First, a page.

FDA acknowledges that the claims on the Hill’s Healthy Mobility Diet label – “enhance active mobility” and “improves joint flexibility” – appear to be claims that the product affects the structure or function of the body (“structure/function claims”), and the FD&C Act permits foods to make appropriate structure/function claims. 
Some structure/function claims, however, imply that the product has an impact on disease.  Although a food may make claims that refer to the product’s ability to maintain healthy structure or function, structure/function claims that imply the product is intended to diagnose, cure, mitigate, treat, or prevent disease are classified as “disease claims” and the product for which the claims are made is regulated as a drug.[2] FDA evaluates the context in which a structure/function claim is made to determine whether it is a disease claim. See 21 C.F.R. §101.93(g).[3]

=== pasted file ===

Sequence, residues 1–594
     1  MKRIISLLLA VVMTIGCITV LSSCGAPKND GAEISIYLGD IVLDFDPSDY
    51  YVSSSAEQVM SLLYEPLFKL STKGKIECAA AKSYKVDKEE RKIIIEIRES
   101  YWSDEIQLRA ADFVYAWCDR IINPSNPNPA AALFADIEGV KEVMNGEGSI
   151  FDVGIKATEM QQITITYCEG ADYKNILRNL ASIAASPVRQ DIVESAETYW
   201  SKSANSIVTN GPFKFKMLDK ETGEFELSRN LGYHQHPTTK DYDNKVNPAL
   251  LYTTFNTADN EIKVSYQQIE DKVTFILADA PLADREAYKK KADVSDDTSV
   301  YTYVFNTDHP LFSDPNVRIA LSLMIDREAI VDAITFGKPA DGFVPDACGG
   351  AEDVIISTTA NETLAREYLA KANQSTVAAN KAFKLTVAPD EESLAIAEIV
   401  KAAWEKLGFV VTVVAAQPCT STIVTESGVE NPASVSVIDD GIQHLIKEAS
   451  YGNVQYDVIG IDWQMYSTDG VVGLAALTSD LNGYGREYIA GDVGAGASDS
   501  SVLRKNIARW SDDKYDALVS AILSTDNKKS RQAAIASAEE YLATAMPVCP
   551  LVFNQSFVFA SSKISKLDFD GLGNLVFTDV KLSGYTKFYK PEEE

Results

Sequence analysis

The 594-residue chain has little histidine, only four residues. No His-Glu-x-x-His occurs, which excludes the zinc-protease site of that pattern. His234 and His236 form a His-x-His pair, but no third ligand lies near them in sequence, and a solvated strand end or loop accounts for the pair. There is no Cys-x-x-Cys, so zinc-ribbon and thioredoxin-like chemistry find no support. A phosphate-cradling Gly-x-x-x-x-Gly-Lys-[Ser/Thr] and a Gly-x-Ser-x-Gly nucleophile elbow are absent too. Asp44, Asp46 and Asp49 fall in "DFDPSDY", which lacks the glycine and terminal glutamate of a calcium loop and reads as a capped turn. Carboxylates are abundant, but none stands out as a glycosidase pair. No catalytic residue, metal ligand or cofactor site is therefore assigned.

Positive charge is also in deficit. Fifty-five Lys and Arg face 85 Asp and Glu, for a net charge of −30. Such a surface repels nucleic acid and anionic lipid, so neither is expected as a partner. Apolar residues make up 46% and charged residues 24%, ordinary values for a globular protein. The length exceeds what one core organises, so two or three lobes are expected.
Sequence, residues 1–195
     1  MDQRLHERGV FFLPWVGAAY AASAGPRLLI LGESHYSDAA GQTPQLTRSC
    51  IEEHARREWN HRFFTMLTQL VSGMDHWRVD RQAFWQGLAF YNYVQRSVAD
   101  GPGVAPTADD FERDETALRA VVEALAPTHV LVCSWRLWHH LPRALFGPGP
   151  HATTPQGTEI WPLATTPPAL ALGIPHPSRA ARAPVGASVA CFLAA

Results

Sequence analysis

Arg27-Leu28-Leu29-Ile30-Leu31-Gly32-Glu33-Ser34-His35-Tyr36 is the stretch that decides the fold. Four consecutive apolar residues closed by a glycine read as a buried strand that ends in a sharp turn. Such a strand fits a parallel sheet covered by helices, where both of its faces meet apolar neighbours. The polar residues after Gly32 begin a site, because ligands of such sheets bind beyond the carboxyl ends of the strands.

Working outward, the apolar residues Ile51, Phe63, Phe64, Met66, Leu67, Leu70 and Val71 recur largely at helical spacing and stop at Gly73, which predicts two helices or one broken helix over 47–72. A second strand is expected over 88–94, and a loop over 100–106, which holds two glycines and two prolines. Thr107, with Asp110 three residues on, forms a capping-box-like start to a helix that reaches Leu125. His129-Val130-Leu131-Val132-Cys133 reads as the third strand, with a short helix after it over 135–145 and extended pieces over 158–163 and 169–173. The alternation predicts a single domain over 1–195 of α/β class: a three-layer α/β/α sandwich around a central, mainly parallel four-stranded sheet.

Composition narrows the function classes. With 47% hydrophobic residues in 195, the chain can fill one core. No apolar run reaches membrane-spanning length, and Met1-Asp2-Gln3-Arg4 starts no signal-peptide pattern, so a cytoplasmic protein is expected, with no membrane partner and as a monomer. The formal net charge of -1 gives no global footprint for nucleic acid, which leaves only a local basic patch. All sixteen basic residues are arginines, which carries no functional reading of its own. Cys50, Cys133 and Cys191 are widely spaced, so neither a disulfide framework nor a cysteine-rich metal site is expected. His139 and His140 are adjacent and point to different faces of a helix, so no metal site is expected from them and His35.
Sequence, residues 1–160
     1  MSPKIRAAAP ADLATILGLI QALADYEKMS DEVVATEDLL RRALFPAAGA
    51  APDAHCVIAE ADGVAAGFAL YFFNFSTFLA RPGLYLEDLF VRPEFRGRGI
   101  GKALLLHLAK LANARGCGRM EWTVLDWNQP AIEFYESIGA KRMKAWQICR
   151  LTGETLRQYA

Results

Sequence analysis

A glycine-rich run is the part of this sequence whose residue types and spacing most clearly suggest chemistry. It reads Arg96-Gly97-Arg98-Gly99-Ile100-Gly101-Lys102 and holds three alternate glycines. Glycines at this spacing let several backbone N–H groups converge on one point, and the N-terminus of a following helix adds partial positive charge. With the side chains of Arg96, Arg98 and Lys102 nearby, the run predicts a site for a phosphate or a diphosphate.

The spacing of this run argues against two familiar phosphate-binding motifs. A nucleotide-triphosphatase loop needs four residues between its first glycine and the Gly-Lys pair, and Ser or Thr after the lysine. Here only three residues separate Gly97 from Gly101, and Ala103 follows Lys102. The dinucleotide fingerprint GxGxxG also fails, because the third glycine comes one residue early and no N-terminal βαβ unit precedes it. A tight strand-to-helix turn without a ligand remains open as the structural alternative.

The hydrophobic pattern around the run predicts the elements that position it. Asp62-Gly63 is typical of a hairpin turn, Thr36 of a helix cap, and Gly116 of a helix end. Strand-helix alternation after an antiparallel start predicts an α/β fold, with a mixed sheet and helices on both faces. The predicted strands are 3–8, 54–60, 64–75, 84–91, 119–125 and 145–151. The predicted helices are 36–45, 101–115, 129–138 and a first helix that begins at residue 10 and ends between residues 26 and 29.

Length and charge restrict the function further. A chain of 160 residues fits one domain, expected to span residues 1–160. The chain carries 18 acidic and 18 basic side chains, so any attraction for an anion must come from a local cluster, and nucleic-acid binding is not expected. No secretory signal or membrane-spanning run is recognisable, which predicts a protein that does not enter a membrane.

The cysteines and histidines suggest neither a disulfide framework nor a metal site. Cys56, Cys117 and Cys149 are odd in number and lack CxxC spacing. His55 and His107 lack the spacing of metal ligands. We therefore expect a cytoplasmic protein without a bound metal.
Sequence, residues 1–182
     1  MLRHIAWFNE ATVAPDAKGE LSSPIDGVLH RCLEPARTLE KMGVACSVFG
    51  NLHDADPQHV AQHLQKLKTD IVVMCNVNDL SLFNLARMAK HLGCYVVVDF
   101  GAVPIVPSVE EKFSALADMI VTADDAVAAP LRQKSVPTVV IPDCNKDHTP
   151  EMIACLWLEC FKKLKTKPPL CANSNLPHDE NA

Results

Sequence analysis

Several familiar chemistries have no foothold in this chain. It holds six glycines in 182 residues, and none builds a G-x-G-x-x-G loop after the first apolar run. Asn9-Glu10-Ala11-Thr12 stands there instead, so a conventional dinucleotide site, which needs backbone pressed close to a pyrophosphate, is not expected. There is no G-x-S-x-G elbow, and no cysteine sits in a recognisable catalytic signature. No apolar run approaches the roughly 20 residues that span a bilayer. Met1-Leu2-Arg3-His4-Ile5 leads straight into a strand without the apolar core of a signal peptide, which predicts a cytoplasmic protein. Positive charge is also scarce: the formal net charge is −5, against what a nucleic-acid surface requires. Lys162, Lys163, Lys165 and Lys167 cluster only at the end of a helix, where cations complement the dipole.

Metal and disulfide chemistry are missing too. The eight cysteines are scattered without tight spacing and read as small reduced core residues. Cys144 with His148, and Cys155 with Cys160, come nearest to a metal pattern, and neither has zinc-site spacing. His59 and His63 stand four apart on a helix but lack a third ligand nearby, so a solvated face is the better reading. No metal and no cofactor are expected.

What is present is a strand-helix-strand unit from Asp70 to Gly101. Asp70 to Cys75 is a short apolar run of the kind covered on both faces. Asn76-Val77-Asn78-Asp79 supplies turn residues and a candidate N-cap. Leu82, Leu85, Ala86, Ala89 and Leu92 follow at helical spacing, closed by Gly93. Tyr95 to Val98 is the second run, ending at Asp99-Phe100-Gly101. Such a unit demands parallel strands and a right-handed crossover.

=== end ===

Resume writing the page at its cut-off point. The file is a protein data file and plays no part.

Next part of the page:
The Hill's Pet Nutrition website provides ample context showing that the Healthy Mobility Diet is intended to treat or mitigate joint disease in dogs. The content on your website implies that the Healthy Mobility Diet has an effect on joint disease, including arthritis, by referring to identifiable characteristics of the disease. Reference to a characteristic set of signs or symptoms of a disease, even in the absence of the name of the disease, can be understood as a reference to the disease. See 21 C.F.R. 101.93(g)(2)(ii).   The following lay terminology is used on your website to describe the “early signs of joint health issues”:         
  • “Slow to get up or down”
  • “Lagging behind while walking”
  • “Longer recovery time after play or exercise”
  • “Less playful, running less or less active in general”
These signs are consistent with and indistinguishable from the characteristic signs and symptoms of arthritis, a broad spectrum of joint diseases with numerous etiologies. For instance, a page on your website entitled “Arthritis and Joint Pain” states that “If your dog has arthritis, the first thing you'll notice is that he or she finds movement difficult and is reluctant to walk, run and jump.”